Olympus 25mm f1.8 M.ZUIKO Digital Lens

OM SystemSKU: 4545350045876

Color: Silver
Price:
Sale price£329.00

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Product Description

Olympus 25mm f1.8 M.ZUIKO Digital Lens

  • Large, bright F1.8 aperture
  • Compact, beautiful build quality
  • Best optical performance
  • Pancake Lens
  • Compact design and lightweight

The Olympus 25mm f1.8 M.ZUIKO Digital Lens in black is an ultra-compact, lightweight prime lens with a bright, f1.8 aperture to ensure excellent optical performance in all situations. The lens’ optical construction ensures your point of interest is stunningly sharp, while the surrounding background is beautifully soft with a natural bokeh effect.



With a 25mm focal length and 47° angle of view, this standard focal length prime lens is ideal for a wide range of photography. It offers the best optical performance, with beautiful bokeh at open apertures and impressive close focusing capabilities. At the same time, it delivers photos with a field of view that feels natural to the human eye. This ensures perfectly balanced proportions, making this lens an essential addition to your kit. Available in black or silver.

Enjoy extended low-light shooting capabilities thanks to the fast 1:1.8 aperture, also perfect for creating images with overwhelming bokeh. Whatever your subject, discover what this lens’s depth of field control can do for your photography.



Due to its compact size, the small and lightweight M.ZUIKO DIGITAL 25mm 1:1.8 is predestined to take along for all kinds of journeys. As it allows for clear hand-held shooting even in low-light conditions, you can simply leave your tripod at home.

Minimizing unwanted ghosting and flaring, the lens elements feature the unique ZERO coating, which cuts certain wavelength reflections by 50% to ensure clear imaging performance even under challenging conditions, for instance when shooting against the light.



Lens configuration 5 elements / 4 groups
Aspherical glass elements 1
Angle of view 47°
Closest focusing distance 0.2m
Maximum image magnification 0.19x (Four Thirds) / 0.38x (35mm format)
Number of aperture blades 7
Maximum aperture 1
Minimum aperture 1
Filter size 43mm
Dimensions 6.4 x 2.35 cm
Weight 95 g

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Understanding: Aperture

Aperture is the opening in a camera lens that controls how much light enters the camera. It's measured in f-stops like f/2.8 or f/8. Lower f-stop numbers mean wider openings, letting in more light and creating a shallow depth of field (blurry background). Higher f-stop numbers mean smaller openings, letting in less light and creating a larger depth of field (more of the scene in focus). Aperture also affects the quality of out-of-focus areas in the image (bokeh).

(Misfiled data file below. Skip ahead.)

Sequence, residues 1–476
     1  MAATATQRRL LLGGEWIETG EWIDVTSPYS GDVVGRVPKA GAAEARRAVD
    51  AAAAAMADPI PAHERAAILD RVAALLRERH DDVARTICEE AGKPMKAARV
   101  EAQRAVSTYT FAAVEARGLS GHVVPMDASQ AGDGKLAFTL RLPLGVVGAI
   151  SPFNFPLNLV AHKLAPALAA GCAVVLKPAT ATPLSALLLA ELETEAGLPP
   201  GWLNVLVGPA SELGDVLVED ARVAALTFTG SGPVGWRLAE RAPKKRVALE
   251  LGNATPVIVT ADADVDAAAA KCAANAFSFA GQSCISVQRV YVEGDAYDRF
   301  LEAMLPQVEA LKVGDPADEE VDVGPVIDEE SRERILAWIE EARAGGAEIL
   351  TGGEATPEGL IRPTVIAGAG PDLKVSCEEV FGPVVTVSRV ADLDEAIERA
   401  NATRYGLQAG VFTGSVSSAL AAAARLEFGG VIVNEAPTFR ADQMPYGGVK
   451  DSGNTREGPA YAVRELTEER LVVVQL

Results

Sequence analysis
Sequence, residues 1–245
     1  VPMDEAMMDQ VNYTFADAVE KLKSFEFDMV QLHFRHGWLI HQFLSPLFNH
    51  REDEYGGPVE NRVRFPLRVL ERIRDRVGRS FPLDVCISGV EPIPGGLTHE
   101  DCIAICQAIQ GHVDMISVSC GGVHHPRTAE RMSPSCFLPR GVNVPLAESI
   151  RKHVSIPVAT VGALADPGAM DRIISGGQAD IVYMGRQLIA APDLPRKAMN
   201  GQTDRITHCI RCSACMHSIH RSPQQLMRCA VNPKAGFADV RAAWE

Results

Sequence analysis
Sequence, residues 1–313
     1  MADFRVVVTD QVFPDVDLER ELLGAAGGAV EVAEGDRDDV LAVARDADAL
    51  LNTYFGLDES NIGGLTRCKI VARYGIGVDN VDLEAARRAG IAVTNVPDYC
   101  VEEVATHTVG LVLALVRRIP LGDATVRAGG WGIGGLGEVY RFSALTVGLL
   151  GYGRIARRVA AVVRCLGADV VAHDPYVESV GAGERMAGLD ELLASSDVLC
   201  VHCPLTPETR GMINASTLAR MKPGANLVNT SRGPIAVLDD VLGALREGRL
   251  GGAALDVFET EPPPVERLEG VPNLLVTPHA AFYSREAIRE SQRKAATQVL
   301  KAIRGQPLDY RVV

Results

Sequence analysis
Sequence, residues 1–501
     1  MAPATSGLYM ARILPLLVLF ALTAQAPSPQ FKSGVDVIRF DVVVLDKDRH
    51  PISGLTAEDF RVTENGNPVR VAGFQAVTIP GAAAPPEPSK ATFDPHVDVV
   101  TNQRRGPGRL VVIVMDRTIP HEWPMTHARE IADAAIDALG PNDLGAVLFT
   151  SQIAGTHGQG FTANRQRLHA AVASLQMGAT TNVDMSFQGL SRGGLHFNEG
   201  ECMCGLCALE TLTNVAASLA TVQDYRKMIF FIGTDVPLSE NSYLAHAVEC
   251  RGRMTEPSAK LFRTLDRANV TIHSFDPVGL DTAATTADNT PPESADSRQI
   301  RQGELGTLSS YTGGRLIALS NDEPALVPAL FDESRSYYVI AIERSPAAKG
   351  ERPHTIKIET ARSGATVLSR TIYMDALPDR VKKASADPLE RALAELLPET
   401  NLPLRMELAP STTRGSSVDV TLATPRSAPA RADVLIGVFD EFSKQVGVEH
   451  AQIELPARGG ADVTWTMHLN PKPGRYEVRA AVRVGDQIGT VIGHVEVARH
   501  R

Understanding: Lens Types

Different lenses have different purposes to achieve different styles of images, some popular ones include:
Prime Lens: Fixed focal length, sharp images, great for portraits and dark settings.
Zoom Lens: Variable focal length, versatile for different shots and everyday use..
Wide-Angle Lens: Captures wide scenes like landscapes.
Telephoto Lens: Magnifies distant subjects, ideal for sports & wildlife.
Macro Lens: Perfect for close-up photography of small subjects.
Fisheye Lens: Ultra-wide perspective, creates unique images.

Understanding: Lens Mounts

Different camera brands use different lens mounts, which are like connectors that attach lenses to camera bodies. Each mount is specific to a particular brand and camera series. For example, Canon uses the EF and RF mounts, Nikon uses the F mount, Sony uses the E mount for its mirrorless cameras. These mounts dictate which lenses are compatible with which cameras. Some brands offer adapters to use lenses from other systems, but it's essential to ensure compatibility for proper functionality and autofocus performance.

Understanding: Manual and Autofocus

Manual focus and autofocus are two ways to adjust the sharpness of a camera lens. With manual focus, you turn a ring on the lens to bring the subject into focus yourself, giving you full control over what appears sharp in the image. Autofocus, on the other hand, relies on the camera's built-in technology to automatically adjust the focus for you, usually by detecting contrast or phase differences in the scene. Autofocus can be convenient, especially for fast-moving subjects or when you need to capture a quick shot, whereas manual focus allows for precise adjustments and creative control over the final image.

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